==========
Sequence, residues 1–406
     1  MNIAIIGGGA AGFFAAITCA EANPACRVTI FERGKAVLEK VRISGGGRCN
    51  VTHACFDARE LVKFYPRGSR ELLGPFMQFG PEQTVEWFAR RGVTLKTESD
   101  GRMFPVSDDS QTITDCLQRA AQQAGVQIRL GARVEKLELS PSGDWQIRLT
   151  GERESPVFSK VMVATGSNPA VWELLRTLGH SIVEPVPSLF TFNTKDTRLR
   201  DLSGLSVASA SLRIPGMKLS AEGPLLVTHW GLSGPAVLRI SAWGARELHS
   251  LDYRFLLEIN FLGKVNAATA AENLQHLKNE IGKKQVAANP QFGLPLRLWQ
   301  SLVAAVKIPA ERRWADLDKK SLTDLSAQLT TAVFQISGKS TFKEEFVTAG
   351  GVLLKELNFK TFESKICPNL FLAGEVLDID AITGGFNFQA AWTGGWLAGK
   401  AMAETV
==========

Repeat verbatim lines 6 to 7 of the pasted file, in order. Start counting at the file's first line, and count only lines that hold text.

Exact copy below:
   201  DLSGLSVASA SLRIPGMKLS AEGPLLVTHW GLSGPAVLRI SAWGARELHS
   251  LDYRFLLEIN FLGKVNAATA AENLQHLKNE IGKKQVAANP QFGLPLRLWQ